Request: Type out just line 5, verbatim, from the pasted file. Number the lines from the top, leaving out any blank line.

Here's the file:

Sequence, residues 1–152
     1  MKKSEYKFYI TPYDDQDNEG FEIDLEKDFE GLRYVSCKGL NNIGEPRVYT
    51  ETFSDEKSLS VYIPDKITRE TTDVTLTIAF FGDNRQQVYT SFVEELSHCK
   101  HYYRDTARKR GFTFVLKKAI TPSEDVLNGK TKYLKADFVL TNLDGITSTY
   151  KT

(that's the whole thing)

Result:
   151  KT